Quincy Jones is the epitome of cool. Jazz legend, film composer, producer and humanitarian, his life and works span generations. When Jones was playing jazz with the likes of Dizzy Gillespie and Ray Charles, the pop industry as we know it today was still a twinkling coin in the entertainment business’ eye. So when Jones entered the conference suit at the Grand Hyatt hotel, it was no wonder a reverent ambience swept over the room.
Wearing a slick black suit and an orange shirt, Jones reminisced, gave his opinion and joked with the press. “I met Marlon Brando coming out of a club, and we were broker than the Ten Commandments.
Jones’ memories and recollections that he narrates with a deep, soulful voice, make him something of an antique. He’s almost precious memorabilia from the days of jazz, art, revolutionary acting and real sweat and passion, when Brando had just done “Streetcar named Desire and it didn’t matter when Ella Fitzgerald forgot the lyrics to Mack the Knife.
“Nobody cared about the lyrics then, they just needed the phrase, an idea. People were more interested in the music, so if singers didn’t sing like jazz musicians played, they were in trouble.
“The problem today, Jones continued, “is the short attention span. I could see it starting in the 1970s. A lot of young people nowadays are just lazy. They think they can do everything digitally; they don’t have to practice scales because they can fix it up on the computer. Then they say, if I played the piano I could play like Herbie Hancock. But if you don’t play the piano, you won’t sound like Herbie Hancock. I would sit with artists like Aretha Franklin for days at the piano, just finding her soul.
Jones obviously and quite rightly shared audience members’ concerns that electronic music in its current form is destroying real music, or rather young peoples’ potential for instrumental mastery. But it is not only laziness that Jones fears, but that immortal ghoul that haunts the art and entertainment industries: money.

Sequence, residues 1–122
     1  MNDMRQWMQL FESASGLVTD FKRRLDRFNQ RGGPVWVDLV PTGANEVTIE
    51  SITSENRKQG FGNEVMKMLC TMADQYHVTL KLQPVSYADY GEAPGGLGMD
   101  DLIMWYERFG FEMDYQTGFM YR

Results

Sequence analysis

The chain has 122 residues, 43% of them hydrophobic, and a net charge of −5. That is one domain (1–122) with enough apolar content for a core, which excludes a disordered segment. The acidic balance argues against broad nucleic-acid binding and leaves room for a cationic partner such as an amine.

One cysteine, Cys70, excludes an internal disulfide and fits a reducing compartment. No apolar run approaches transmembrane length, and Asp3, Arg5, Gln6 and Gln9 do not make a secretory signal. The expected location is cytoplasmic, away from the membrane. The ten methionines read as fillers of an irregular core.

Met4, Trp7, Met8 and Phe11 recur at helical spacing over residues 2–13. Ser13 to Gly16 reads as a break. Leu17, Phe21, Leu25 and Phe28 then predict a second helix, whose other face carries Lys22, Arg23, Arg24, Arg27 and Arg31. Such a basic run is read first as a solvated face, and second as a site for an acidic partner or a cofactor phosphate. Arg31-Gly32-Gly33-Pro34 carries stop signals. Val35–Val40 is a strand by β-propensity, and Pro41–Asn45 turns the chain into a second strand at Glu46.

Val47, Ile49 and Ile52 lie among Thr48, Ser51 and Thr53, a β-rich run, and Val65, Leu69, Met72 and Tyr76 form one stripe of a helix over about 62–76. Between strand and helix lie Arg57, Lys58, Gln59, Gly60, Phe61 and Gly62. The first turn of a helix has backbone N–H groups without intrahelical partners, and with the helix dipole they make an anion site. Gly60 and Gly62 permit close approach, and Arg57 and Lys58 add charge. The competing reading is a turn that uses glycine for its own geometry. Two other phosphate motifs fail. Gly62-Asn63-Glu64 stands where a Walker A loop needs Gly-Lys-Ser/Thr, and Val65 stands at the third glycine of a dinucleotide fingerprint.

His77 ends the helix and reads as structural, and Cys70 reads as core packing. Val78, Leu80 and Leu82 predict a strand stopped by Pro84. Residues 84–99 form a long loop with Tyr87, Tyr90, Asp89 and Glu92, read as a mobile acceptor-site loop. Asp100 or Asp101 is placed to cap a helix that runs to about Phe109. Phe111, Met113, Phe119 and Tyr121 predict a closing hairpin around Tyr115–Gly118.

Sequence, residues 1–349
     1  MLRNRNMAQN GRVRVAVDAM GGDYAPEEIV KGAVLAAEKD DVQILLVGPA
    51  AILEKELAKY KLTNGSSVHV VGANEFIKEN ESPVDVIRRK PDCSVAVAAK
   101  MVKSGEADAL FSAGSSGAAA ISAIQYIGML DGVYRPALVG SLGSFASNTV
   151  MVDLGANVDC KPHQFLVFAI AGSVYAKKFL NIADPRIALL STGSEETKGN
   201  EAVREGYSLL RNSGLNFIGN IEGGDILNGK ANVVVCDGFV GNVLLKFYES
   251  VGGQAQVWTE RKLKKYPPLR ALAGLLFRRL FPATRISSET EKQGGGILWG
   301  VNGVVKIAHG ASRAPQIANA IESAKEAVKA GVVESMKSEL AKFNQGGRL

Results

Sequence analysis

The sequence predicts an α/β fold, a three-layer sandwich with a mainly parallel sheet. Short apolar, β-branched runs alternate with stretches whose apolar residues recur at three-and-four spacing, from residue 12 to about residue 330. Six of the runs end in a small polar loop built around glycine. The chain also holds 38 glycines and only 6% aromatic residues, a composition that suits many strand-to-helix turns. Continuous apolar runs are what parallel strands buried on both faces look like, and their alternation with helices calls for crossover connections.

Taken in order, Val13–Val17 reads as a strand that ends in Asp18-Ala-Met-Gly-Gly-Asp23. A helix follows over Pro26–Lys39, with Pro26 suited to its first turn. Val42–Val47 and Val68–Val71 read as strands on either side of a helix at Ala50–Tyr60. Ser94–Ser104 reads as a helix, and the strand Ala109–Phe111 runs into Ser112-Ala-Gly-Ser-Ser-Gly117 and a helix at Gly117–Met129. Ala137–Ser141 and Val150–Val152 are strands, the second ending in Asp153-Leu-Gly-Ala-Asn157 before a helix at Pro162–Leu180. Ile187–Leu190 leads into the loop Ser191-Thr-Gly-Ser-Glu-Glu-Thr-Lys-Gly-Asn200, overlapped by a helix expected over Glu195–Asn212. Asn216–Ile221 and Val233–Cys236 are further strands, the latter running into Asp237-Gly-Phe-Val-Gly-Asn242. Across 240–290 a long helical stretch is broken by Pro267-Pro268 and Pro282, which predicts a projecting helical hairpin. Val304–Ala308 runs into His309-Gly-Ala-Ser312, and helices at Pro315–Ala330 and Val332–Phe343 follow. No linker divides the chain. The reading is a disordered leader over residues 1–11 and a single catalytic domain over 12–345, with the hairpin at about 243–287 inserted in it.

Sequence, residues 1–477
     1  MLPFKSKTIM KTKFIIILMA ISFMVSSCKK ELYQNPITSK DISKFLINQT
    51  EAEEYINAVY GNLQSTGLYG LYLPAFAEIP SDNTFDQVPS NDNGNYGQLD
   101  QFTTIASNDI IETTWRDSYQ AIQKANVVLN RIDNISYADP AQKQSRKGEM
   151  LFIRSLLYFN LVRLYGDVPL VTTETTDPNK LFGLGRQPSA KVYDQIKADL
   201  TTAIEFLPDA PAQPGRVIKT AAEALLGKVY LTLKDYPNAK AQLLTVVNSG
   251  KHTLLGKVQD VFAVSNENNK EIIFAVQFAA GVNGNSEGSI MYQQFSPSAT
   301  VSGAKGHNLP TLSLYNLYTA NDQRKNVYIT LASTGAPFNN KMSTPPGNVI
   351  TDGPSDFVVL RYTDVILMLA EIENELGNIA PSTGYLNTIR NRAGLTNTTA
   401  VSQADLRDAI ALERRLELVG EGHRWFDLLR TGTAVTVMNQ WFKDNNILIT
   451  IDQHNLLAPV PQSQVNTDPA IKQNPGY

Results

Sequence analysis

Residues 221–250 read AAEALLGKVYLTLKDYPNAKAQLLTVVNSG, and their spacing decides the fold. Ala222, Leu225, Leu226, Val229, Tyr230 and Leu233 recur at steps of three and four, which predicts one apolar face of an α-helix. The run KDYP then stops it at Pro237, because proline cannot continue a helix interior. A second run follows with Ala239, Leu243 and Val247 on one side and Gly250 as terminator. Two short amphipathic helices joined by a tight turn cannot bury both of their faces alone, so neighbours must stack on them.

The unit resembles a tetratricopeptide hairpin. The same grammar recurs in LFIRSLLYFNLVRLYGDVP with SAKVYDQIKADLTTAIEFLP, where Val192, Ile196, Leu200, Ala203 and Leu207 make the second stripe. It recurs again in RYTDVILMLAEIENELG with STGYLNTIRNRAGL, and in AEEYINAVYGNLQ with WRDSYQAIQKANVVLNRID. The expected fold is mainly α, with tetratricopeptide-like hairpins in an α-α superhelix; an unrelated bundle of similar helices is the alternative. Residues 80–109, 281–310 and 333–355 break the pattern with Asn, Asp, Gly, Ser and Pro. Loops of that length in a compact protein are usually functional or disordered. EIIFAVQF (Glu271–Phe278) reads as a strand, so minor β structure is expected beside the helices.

“Bling Bling is not my thing, Jones announced, triggering a chuckle and round of applause from attendees. “You know, God walks out of the room when you talk about how much money you’re going to make.
Yet despite Jones’ abhorrence of making music for financial gain, he equally abhors the downloading phenomenon. “Downloading, don’t get me started! Every tune, every song, is someone’s intellectual property. When you deal with a CD, you are handing each human being a master copy. The CD business has gone down 44 percent as a result of downloading, and it’s going be films next.
But this wasn’t just a throw away comment. Jones has a vested interest in films, having produced the soundtrack for classic films such as “The Last Emperor, “The Italian Job and “The Color Purple.
“To produce a soundtrack for a film, explained Jones, “there has to be a good script first.But, there are two ways of going about it. There is what we call the Mickey Mouse approach, but I prefer a more oblique approach. The first is where everything that happens is reflected in the style of music. The second allows the human mind to separate the audio from the visual. For instance, if a murder took place in a fairground, the sound of the fairground would continue to play. After all, if the audio tells you what you are hearing, you close your eyes.
If Jones’ jovial mood in the conference is anything to go by, working with him must be a delight. This, of course, is a man with real talent and a huge body of musical knowledge, as well as a great sense of humor and a neat way of putting things. Listening to Jones you might think you were in some jazz cafe in downtown New York musing on old times and new trends.
Even when bombarded with the usual questions by the usual suspects, Jones gave his opinion and was willing to repeat it over for those who hadn’t quite understood the first time. “Had Jones ever heard Mohamed Mounir? Had Jones ever heard Um Kolthoum? Had Jones ever heard Abdel-Halim Hafez?
“I’m a big fan of Rai music. I remember sitting in the Hagia Sophia and listening to Rai. I can’t recall all the different names of Middle Eastern singers, but yeah, of course I know the music. And those I don’t, I’d love to listen to, hey can anybody give me a CD?
And the future of music according to Jones? “Cross-pollination. In Brazil, they’re mixing Rai with loads of other sounds. Brazil is really the center of this mixing of styles and cultures. But cross-pollination has really been happening for centuries, I mean, why is the architecture of the Kremlin Moorish?